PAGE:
SACRAMENTO, Calif. — It’s all hands-on deck at the Saechao family run berry stand at the farmers’ market in Sacramento.

As tasty as all the berries are, Nai and his 11-year-old son Channing say it’s the strawberries that steal the show.

What You Need To Know

  • A soil borne disease has been threatening to wipe out California's strawberry crop

  • Strawberries bring in over $3 billion to the state's economy

  • Around 88% of strawberries grown in the U.S., grow in California

  • Researchers have created five new varieties resistant to the deadly fusarium wilt

“Strawberries are a main draw to the market,” Saechao said. “People tend to come out to buy strawberries and if you see the other berries, they get into it.”

Seachao said since strawberries make up most of their business, the variety of strawberry matters.

There are hundreds of different strawberry varieties. Saechao said they grow three types because of their hardiness, color and texture.

“Texture plays a large roll,” Saechao said. “Our Chandler and Camarosa, so it’s got a little softer texture versus our Albion, Firmer Texture. Sometimes it kind of bites in like an apple.”

Hardiness is not just important to growers like Saechao, but also the state because strawberries are California’s third highest grossing crop.

They brought in over $3 billion in 2021.

The red berries are susceptible to soil-borne disease with one in particular that has become more prevalent, fusarium wilt.

The disease has been causing major concern and prompted UC Davis researchers like Steve Knapp to conduct a worldwide search for even hardier varieties.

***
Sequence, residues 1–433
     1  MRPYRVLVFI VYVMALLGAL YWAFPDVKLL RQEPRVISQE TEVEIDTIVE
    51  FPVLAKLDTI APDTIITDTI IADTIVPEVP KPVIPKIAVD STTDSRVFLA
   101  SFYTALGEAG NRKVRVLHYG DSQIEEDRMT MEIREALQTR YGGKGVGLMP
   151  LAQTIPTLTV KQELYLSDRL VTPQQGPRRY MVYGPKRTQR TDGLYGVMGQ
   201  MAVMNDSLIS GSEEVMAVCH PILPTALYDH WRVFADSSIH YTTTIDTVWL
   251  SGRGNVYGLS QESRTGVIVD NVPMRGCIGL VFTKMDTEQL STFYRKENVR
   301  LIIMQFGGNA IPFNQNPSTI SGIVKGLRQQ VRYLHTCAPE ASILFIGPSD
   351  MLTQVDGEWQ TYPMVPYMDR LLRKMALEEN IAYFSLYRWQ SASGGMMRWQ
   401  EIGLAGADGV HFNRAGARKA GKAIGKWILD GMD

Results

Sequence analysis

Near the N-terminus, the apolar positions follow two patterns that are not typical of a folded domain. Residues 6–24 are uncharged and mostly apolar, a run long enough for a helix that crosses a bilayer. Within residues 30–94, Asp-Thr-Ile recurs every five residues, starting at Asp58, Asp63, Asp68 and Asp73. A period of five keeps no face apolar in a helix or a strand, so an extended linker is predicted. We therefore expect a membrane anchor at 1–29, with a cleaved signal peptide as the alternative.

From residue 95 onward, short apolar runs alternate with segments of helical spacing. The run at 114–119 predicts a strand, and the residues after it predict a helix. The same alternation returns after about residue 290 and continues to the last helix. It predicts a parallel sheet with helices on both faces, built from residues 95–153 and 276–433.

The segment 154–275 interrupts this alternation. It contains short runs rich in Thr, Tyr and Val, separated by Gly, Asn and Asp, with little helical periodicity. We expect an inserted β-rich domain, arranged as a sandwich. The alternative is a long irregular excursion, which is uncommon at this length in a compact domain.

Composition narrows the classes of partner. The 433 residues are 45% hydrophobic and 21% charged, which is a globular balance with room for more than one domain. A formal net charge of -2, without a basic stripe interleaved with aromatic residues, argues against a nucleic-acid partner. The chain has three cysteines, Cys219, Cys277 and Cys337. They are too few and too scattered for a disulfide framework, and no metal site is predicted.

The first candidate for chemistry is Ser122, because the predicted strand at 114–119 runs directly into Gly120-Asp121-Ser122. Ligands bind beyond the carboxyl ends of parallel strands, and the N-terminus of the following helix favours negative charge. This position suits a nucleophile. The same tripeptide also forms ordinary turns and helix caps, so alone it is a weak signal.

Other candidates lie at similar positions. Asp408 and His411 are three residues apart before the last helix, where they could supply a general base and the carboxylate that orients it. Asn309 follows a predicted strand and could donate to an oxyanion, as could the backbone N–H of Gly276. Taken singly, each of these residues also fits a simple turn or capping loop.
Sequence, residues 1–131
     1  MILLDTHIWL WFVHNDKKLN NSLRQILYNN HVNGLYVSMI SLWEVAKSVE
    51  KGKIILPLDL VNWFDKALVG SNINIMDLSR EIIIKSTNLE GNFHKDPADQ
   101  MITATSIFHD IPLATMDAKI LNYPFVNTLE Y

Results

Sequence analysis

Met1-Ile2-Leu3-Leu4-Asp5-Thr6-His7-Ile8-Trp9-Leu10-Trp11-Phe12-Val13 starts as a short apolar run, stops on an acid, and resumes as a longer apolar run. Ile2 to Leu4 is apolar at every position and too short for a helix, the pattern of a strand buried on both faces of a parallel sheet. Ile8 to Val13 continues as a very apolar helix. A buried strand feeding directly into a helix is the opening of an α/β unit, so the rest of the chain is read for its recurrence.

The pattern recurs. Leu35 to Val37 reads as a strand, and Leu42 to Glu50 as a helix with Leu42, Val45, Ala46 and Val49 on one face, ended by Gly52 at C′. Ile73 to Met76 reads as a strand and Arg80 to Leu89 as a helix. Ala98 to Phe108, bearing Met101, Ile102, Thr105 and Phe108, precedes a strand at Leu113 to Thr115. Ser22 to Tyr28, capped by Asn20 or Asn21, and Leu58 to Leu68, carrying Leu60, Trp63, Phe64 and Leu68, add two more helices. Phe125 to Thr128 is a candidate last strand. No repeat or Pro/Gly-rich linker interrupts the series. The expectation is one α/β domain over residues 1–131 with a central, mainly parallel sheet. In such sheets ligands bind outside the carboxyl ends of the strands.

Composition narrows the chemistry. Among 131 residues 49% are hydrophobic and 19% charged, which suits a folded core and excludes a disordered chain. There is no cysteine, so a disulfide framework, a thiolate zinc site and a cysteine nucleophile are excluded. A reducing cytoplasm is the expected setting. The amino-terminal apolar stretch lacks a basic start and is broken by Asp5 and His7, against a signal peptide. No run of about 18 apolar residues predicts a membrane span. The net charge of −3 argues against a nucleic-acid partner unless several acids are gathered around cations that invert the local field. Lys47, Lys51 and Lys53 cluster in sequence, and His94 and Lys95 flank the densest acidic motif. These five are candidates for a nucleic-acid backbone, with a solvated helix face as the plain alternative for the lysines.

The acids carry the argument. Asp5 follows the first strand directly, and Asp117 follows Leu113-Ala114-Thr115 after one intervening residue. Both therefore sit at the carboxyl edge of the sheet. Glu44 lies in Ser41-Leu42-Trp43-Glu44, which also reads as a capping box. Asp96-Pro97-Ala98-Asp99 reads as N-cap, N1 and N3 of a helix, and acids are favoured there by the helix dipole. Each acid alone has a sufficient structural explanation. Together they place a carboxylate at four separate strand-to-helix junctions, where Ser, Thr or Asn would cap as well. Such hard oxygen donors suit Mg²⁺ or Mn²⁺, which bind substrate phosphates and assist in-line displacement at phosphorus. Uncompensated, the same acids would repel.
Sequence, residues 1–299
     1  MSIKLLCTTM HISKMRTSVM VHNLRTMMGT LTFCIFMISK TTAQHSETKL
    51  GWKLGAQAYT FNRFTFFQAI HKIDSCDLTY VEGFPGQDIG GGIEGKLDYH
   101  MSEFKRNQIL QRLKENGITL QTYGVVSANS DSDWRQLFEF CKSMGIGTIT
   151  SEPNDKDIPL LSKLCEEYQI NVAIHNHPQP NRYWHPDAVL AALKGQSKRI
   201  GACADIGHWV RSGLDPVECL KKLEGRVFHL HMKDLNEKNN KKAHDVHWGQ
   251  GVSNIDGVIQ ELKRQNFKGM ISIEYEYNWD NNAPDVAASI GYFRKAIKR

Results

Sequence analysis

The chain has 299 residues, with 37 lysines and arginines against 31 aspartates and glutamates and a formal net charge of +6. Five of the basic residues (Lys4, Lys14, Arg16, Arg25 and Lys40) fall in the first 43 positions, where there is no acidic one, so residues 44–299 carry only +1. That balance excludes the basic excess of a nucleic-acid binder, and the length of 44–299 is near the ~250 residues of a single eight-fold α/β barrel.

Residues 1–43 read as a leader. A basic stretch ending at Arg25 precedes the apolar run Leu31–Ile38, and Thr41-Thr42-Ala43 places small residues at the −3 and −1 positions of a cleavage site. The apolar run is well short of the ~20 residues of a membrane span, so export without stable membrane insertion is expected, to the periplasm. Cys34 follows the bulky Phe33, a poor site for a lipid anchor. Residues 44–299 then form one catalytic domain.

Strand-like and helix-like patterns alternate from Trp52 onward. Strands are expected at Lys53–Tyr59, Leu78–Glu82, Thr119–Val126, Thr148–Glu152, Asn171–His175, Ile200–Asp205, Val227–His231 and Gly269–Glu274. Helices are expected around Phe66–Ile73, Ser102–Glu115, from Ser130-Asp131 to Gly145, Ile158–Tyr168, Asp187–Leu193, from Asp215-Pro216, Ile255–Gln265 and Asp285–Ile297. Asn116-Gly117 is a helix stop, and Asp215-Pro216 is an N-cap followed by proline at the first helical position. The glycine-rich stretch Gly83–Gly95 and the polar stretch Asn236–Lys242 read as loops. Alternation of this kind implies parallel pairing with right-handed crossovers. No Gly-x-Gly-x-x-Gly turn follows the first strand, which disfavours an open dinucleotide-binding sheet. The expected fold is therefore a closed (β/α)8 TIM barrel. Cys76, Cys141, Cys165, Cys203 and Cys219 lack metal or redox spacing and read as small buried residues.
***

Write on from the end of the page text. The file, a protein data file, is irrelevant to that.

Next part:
“That showed up around 2005-06 in our state,” said Director of UC Davis Strawberry Breeding Program, Steve Knapp. “And has become increasingly problematic. It could wipe out production in California.”

Knapp said over 85% of strawberries grown in the U.S. come from California and says a huge amount of those berries are all susceptible to the deadly disease.

Knapp and his team have created a strawberry killing field where they have purposely released the fusarium wilt into, along with different strawberry varieties, to find “super strawberries” that are immune to the disease.

Thankfully for the industry, they have come up trumps in more than one way.

“The new cultivars carry this resistant gene, so we know we offer that to growers,” Knapp said. “They also produce yields that are highly competitive with what’s out there today and we’ve also worked on some improved flavors.”

The five new varieties released by UC Davis have begun a slow rollout.

Having hardier strawberries that will sell is a good thing Saechao said.

He wants his son Channing to continue the family business, if he chooses to.

“So if education doesn’t fall through, he can fall back on the berries and kind of work on that,” he said. 

Saechao said it’s a “berry” enticing business he hopes will continue long into the future.